5 Rules for Scheduling Staff Meetings – Perils and Promise

August 4, 2021 | 216 views

5 Rules for Scheduling Staff Meetings – Perils and Promise
5 Rules for Scheduling Staff Meetings – Perils and Promise

Do you hear a collective groan from employees when you schedule a staff meeting? Employees hear “meeting” and think something important (and probably bad) must be shared with everyone simultaneously. This is especially true for unplanned and unexpected meetings, but even if staff meetings are regular and consistent, the response is not always positive.

It does not matter if a meeting is departmental, all-staff, or simply one-on-one—the reception from employees is not always warm. There are good reasons for this, though. To avoid it, promise a well-organized meeting to encourage good response and participation from employees.

To accomplish a positive response, follow these basic rules for any meeting to help ensure that your time and your employees’ time are productive.

  1. Evaluate necessity. First and foremost, be sure that a meeting is the best way to communicate what you need. Brainstorming and important news are best shared in person, but not everything requires that staff be removed from their projects. Sometimes, a phone call or email will suffice. If you are sharing updates, for example, an in-person meeting would be an unproductive use of time.
  2. Schedule considerately. It is rare to have emergency meetings, so avoid the perils of making every meeting feel like a crisis because you didn’t consider others’ time. Allow some notice and then send meeting invitations via email or text. If you have to arrange meetings with various employees who do not normally work the same hours, use your employee scheduling software to include notices on their mobile devices. Communication and respect create an environment that keeps meetings positive rather than being an imposition.
  3. Clarify the topic. Employees will naturally think something is wrong if you ask them to go to your office to talk to you. Instead, offer some contact. Let them know it’s about a new product release or an upcoming sale. Even a little bit of info will prompt questions and ideas—both good things for meetings. It prepares participants by giving them an idea of what to expect.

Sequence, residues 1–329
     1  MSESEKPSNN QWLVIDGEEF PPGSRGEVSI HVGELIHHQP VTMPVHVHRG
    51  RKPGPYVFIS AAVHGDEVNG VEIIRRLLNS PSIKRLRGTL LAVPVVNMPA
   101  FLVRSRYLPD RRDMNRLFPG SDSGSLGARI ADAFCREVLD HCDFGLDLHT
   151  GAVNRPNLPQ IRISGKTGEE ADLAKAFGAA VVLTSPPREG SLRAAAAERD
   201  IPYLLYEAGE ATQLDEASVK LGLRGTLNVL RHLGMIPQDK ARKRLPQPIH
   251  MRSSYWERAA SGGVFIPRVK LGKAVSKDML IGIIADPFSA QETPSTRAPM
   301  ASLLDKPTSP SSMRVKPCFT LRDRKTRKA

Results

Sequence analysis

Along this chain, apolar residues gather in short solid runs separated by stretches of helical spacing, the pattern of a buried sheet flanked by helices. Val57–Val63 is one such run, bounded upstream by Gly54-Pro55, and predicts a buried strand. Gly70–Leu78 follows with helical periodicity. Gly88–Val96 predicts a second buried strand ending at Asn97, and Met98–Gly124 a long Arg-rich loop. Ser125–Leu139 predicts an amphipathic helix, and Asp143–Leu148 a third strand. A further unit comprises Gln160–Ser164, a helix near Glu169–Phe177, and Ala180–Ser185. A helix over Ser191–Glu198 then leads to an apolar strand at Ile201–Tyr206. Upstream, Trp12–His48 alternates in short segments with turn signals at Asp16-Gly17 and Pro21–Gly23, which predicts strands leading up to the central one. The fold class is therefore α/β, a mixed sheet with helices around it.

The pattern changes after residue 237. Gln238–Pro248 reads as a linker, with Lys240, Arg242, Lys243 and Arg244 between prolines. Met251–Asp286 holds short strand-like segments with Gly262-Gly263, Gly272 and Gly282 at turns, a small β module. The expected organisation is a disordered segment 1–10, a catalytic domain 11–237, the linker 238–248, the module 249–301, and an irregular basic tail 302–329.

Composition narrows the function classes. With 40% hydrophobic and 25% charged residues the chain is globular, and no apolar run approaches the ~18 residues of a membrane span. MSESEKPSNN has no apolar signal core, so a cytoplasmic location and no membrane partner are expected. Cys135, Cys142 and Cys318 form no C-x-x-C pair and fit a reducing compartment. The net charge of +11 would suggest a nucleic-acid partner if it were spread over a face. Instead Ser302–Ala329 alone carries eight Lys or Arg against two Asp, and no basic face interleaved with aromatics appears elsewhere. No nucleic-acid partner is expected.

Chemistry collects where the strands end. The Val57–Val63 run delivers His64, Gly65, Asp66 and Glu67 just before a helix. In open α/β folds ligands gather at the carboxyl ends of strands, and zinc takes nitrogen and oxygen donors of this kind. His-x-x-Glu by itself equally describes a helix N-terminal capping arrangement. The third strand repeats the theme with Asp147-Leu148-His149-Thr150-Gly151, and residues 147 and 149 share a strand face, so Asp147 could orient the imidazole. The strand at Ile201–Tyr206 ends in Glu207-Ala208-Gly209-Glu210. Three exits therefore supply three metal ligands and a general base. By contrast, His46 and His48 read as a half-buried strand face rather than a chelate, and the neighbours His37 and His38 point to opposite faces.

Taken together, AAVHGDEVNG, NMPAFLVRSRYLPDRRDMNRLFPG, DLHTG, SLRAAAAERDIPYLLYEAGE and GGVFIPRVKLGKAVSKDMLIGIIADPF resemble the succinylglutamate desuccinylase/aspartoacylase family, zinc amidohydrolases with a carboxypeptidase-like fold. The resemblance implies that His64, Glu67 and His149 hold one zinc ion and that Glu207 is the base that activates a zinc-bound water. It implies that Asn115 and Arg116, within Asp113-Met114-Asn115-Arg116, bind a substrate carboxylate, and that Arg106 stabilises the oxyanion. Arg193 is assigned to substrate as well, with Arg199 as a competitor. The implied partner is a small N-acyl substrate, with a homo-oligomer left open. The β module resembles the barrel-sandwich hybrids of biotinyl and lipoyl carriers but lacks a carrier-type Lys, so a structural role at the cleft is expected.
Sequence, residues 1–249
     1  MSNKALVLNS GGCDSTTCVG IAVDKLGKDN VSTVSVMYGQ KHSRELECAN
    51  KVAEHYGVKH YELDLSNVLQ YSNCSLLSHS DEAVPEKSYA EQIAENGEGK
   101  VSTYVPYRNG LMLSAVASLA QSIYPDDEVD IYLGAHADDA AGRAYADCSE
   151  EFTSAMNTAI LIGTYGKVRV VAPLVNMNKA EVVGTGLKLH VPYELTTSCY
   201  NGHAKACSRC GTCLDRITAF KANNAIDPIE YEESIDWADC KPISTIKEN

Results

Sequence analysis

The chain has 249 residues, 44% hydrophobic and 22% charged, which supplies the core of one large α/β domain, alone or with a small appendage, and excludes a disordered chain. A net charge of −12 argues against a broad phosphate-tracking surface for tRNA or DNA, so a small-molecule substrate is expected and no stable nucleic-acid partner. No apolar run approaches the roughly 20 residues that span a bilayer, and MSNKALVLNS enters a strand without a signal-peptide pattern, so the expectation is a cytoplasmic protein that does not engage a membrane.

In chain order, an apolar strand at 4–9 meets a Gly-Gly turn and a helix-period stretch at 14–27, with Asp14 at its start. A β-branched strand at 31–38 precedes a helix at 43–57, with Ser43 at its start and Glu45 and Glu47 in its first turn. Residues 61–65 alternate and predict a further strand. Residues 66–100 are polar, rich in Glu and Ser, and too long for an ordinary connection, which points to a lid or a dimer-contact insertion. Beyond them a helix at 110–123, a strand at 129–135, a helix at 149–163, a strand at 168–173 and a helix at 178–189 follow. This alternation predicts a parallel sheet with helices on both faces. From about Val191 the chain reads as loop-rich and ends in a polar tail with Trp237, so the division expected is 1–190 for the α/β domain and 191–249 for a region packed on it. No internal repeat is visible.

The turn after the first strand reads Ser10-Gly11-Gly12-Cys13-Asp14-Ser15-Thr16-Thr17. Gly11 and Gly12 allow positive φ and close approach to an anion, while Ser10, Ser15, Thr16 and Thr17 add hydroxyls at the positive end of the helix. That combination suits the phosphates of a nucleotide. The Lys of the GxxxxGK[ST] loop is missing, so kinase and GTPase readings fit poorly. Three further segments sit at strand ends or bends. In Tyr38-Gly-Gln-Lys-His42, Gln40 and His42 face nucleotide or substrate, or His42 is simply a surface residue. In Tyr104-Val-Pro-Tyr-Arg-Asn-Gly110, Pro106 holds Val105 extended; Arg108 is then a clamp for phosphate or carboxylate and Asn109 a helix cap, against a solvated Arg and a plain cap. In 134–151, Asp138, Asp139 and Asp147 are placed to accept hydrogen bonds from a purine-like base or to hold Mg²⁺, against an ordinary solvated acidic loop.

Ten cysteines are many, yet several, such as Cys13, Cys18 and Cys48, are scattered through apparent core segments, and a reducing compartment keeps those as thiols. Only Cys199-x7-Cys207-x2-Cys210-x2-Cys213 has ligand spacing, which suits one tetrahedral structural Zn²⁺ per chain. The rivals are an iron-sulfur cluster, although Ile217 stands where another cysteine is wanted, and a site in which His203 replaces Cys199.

4. Minimize attendees. Include only those who are necessary for the topic. Fewer voices make meetings go more quickly. Rather than feeling left out, most uninvited employees will be glad to stay on task with their own projects, so reduce the number of people if possible. Use just enough staff to be thorough.
  5. Share an Agenda. Assuming you have clarified the topic and have a clear objective for your meeting, share it with others ahead of time. Employees want to contribute, and we want that, too. So give them the basic plan and reason for the meeting (and their participation) so they are ready to give worthwhile input to the group. Agendas can change if needed to accomplish the goal, but be prepared with meeting topics and timeframes to ensure that everyone stays on task and dedicated to meeting efficiency.

Staff meetings run best when you are confident that they are necessary. Then, if you limit your collaborators and prepare each participant with details, you can develop a culture that understands the value of good, well-planned meetings. Plus, it promises fewer groans.

Author Profile Jon Forknell is the Vice President and General Manager of Atlas Business Solutions, Inc., a software marketing company specializing in employee scheduling software, including ScheduleBase employee scheduling software, and other business software solutions. In the past, Jon has been recognized by the U.S. Small Business Administration as a SBA Young Entrepreneur of the Year. For many years, Atlas Business Solutions has been named one of Software Magazine’s Top 500 Software Companies.

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